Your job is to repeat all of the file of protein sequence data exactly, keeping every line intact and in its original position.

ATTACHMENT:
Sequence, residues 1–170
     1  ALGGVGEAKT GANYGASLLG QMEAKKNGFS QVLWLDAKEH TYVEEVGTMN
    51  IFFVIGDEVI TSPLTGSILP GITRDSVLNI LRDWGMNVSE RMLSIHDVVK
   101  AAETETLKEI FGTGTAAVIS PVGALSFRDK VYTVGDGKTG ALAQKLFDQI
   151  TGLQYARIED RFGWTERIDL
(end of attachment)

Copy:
Sequence, residues 1–170
     1  ALGGVGEAKT GANYGASLLG QMEAKKNGFS QVLWLDAKEH TYVEEVGTMN
    51  IFFVIGDEVI TSPLTGSILP GITRDSVLNI LRDWGMNVSE RMLSIHDVVK
   101  AAETETLKEI FGTGTAAVIS PVGALSFRDK VYTVGDGKTG ALAQKLFDQI
   151  TGLQYARIED RFGWTERIDL